Serious acute kidney injury: More common than ever

December 06, 2012

HighlightsWashington, DC (December 6, 2012) -- Acute kidney injury (AKI), an abrupt or rapid decline in kidney function, is a serious and increasingly prevalent condition that can occur after major infections, major surgery, or exposure to certain medications. The incidence rates of the most serious form of AKI--which requires dialysis--increased rapidly in all patient subgroups in the past decade in the United States, and the number of deaths associated with the condition more than doubled, according to a study appearing in an upcoming issue of the Journal of the American Society of Nephrology (JASN).

The extent of AKI in the population is not well described. To investigate, Chi-yuan Hsu, MD, Raymond Hsu, MD (University of California, San Francisco) and their colleagues analyzed data from the Nationwide Inpatient Sample, a nationally representative dataset, to identify patients with AKI who required dialysis.

Among the major findings:The findings revealed that the incidence of dialysis-requiring AKI is now higher than the incidence of end-stage renal disease that requires dialysis or a transplant. "Most of the discussion regarding the 'epidemic of kidney disease' in the past decade or more has been focused on chronic kidney disease and end-stage renal disease. We want to point out that acute kidney injury is equally important," said Chi-yuan Hsu.

Because the number of non-dialysis requiring AKI cases is approximately ten-fold higher than the number of dialysis-requiring AKI cases, and because even small acute changes in kidney function measurements are associated with increased morbidity and mortality, the data likely represent only the 'tip of the iceberg' in terms of the public health burden of AKI.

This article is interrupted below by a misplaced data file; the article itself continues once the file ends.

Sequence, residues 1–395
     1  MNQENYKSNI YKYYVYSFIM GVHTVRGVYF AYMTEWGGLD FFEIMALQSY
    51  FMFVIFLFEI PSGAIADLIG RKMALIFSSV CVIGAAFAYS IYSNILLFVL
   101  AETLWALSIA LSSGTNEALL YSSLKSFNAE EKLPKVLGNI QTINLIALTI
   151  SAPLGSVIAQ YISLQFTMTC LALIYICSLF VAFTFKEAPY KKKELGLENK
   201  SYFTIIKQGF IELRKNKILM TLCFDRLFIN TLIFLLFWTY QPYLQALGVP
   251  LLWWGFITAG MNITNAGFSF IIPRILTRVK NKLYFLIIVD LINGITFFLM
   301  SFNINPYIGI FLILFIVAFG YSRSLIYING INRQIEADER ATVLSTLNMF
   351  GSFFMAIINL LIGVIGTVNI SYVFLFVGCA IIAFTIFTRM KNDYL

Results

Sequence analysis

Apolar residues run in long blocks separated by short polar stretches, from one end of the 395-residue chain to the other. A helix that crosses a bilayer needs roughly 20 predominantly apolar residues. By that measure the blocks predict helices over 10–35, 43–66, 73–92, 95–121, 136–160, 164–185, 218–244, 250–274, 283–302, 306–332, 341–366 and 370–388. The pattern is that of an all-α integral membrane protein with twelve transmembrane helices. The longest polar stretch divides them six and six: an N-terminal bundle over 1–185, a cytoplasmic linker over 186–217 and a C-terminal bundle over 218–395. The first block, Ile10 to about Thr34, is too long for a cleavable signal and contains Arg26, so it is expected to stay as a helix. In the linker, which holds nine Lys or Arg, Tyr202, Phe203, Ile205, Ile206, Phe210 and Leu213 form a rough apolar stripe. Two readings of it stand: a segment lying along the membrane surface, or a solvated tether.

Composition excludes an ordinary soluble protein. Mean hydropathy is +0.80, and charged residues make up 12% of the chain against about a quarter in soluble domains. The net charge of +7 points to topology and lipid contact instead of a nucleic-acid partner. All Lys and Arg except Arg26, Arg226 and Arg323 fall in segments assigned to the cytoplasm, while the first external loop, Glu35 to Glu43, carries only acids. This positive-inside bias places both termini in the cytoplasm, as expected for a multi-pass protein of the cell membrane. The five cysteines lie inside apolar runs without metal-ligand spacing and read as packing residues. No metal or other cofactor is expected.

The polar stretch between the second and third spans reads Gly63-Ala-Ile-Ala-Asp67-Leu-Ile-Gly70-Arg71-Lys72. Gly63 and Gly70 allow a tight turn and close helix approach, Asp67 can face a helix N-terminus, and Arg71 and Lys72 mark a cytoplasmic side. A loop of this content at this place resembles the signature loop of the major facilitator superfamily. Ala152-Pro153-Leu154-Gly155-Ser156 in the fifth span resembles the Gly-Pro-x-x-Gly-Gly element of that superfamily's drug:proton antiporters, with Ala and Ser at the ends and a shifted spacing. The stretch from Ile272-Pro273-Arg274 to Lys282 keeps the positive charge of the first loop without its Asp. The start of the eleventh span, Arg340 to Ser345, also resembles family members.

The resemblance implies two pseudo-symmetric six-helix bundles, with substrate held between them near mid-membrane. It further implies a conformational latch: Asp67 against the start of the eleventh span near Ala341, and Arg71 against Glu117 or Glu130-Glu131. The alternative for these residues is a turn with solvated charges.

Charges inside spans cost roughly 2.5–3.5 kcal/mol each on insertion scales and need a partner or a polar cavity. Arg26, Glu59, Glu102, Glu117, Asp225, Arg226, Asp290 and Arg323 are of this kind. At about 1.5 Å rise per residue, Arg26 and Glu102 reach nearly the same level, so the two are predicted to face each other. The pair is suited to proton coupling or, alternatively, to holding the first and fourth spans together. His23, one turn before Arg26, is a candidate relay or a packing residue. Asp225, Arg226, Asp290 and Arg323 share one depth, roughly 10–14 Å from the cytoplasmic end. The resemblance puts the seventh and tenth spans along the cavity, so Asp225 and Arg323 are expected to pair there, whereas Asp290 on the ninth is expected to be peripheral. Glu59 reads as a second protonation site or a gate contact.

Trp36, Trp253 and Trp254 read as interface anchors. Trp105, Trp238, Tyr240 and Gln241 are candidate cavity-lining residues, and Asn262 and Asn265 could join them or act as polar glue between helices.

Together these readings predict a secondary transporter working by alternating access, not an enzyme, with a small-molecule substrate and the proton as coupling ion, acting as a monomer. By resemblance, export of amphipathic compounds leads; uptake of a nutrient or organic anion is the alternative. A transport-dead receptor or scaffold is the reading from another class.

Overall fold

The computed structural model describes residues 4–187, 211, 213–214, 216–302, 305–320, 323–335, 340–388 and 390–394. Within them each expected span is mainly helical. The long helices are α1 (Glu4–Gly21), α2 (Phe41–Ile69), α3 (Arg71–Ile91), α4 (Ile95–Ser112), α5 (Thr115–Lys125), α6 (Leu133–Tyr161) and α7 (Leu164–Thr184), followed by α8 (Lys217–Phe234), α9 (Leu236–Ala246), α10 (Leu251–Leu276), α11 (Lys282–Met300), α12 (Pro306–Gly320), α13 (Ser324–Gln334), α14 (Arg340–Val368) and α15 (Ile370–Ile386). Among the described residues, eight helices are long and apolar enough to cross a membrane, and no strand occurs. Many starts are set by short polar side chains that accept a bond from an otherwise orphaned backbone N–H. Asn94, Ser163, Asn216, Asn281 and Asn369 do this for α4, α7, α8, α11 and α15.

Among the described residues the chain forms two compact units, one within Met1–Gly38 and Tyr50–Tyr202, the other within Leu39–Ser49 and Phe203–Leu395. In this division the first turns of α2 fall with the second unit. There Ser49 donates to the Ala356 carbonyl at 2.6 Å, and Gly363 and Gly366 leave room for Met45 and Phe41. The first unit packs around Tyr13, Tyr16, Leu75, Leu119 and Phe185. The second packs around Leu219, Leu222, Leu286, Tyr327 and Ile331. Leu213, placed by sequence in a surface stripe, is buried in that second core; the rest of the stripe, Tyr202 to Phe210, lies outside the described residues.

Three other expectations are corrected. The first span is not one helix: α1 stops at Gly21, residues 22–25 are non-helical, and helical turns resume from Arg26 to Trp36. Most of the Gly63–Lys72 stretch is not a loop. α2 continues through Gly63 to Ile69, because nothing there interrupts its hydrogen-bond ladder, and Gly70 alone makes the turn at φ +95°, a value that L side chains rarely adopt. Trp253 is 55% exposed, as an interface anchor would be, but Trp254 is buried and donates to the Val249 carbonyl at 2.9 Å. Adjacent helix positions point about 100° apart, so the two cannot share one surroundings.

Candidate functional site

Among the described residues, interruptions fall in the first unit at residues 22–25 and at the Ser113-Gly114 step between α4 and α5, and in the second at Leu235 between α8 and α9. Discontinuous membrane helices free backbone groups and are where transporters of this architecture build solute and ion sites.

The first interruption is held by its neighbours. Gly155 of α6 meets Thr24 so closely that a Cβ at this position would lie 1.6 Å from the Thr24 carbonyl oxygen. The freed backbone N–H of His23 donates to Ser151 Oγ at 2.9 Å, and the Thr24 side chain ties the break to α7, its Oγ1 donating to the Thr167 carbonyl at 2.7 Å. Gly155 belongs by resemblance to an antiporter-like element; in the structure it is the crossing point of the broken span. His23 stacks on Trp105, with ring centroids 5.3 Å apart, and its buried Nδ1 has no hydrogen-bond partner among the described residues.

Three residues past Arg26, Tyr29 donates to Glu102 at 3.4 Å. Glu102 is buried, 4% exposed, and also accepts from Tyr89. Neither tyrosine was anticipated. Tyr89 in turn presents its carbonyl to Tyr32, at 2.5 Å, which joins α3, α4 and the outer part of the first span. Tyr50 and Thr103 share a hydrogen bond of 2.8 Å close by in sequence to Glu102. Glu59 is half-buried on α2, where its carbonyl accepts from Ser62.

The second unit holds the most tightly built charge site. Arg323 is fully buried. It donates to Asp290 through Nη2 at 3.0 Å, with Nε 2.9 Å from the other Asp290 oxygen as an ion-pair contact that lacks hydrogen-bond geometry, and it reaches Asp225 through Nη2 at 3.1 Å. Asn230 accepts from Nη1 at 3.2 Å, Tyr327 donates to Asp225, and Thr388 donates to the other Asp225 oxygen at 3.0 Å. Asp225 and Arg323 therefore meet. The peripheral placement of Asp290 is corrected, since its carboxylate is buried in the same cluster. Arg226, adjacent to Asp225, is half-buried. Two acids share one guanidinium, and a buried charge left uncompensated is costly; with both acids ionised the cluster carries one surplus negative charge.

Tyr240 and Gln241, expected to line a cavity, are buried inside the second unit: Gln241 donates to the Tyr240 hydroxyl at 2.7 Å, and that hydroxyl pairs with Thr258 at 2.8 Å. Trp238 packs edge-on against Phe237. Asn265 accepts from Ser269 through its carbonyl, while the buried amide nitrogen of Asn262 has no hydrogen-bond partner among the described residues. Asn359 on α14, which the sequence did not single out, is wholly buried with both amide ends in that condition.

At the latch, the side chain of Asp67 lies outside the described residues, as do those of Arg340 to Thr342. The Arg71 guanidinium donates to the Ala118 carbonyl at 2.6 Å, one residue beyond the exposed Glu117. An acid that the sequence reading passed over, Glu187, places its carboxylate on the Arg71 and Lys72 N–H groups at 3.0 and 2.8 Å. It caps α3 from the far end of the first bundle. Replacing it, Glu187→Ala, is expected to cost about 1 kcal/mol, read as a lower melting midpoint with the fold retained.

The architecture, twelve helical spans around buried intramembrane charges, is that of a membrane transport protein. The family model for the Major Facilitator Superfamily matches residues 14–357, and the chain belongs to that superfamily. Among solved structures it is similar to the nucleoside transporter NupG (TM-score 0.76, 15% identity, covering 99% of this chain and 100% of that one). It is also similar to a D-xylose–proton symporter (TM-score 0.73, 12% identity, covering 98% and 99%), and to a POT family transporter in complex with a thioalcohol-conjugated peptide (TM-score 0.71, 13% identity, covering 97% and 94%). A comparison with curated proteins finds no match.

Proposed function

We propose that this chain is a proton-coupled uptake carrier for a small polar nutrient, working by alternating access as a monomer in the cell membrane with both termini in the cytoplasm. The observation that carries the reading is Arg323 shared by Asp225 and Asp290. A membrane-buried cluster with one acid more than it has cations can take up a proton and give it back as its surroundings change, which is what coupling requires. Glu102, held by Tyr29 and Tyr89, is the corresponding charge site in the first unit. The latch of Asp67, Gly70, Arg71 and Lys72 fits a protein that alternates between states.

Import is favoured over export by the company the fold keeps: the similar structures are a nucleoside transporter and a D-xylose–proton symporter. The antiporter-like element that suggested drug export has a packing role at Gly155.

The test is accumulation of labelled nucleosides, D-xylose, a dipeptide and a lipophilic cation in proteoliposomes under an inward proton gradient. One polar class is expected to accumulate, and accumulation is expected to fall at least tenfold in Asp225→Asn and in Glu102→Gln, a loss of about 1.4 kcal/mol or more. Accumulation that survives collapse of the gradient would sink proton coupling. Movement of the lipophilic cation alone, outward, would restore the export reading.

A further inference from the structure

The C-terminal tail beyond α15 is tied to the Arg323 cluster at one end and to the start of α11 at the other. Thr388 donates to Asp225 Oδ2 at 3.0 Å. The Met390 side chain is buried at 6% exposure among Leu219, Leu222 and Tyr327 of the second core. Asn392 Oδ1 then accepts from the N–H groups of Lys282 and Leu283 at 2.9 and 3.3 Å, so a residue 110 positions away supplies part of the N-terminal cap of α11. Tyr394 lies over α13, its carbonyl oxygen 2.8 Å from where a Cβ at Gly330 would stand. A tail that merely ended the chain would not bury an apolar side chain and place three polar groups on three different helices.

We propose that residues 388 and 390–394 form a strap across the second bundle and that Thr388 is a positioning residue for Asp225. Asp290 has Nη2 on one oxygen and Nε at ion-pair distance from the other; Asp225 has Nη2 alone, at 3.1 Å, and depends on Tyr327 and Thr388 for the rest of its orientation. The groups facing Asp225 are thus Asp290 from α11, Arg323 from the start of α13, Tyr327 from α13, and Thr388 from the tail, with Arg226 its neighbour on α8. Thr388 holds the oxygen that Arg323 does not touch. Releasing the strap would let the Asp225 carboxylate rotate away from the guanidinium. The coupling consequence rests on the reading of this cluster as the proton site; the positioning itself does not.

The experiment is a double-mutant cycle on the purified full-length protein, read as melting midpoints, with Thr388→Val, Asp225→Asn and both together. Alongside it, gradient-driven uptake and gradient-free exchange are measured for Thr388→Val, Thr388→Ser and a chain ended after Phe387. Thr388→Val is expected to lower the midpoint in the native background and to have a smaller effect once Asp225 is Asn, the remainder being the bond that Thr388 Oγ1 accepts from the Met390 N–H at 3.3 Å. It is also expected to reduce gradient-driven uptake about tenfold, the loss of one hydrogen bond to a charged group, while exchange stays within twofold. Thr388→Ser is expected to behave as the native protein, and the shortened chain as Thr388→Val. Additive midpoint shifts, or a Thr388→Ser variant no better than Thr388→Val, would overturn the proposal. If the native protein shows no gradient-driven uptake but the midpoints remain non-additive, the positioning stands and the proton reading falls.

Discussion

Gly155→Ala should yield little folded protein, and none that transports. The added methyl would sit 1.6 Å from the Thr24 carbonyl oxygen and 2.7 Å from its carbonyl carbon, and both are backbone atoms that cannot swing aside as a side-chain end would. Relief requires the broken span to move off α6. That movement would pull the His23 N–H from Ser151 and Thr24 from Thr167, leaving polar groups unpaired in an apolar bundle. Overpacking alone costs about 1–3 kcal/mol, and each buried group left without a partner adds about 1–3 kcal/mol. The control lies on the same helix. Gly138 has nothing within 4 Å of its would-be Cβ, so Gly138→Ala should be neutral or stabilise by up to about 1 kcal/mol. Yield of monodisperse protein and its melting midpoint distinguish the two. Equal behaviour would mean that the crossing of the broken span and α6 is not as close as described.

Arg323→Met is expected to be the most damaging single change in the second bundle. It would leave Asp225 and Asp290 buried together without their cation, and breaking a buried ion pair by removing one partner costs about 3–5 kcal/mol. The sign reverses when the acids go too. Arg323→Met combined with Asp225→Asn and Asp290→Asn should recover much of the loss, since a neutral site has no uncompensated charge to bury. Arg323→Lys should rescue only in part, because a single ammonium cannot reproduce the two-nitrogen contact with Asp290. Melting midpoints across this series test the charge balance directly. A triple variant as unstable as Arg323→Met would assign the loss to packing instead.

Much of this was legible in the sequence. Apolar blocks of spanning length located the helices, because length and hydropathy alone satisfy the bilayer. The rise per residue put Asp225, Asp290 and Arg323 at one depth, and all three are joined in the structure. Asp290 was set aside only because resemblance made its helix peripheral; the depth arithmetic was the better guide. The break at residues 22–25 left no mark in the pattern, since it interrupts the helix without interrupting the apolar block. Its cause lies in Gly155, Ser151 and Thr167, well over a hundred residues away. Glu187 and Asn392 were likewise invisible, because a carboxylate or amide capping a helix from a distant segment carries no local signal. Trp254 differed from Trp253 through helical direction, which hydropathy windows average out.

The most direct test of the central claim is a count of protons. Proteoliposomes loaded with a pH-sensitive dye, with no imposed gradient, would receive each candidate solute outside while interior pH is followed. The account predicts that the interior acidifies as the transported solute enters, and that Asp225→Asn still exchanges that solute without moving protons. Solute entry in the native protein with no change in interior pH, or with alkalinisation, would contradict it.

Raymond Hsu added that additional studies are needed to address reasons for the underlying disparities among sex, age, and racial groups and to determine the causes behind the rapid increase in the incidence of dialysis-requiring AKI. "Is it because there are more interventions in modern medicine that are harmful to the kidneys? We did examine four factors in this paper but those only appeared to explain a fraction of the increase in incidence," he explained. "Once we identify factors, hopefully we can intervene to reduce the number of acute kidney injury cases."
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Study co-authors include Charles McCulloch, PhD, R. Adams Dudley, MD, and Lowell Lo, MD.

Disclosures: The authors reported no financial disclosures. This work was supported by The National Institute of Diabetes and Digestive and Kidney Diseases.

The article, entitled "Temporal Changes in Incidence of Dialysis-Requiring Acute Kidney Injury," will appear online at http://jasn.asnjournals.org/ on December 6, 2012, doi: 10.1681/ASN.2012080800.

The content of this article does not reflect the views or opinions of The American Society of Nephrology (ASN). Responsibility for the information and views expressed therein lies entirely with the author(s). ASN does not offer medical advice. All content in ASN publications is for informational purposes only, and is not intended to cover all possible uses, directions, precautions, drug interactions, or adverse effects. This content should not be used during a medical emergency or for the diagnosis or treatment of any medical condition. Please consult your doctor or other qualified health care provider if you have any questions about a medical condition, or before taking any drug, changing your diet or commencing or discontinuing any course of treatment. Do not ignore or delay obtaining professional medical advice because of information accessed through ASN. Call 911 or your doctor for all medical emergencies.

Founded in 1966, and with more than 13,500 members, the American Society of Nephrology (ASN) leads the fight against kidney disease by educating health professionals, sharing new knowledge, advancing research, and advocating the highest quality care for patients.

American Society of Nephrology

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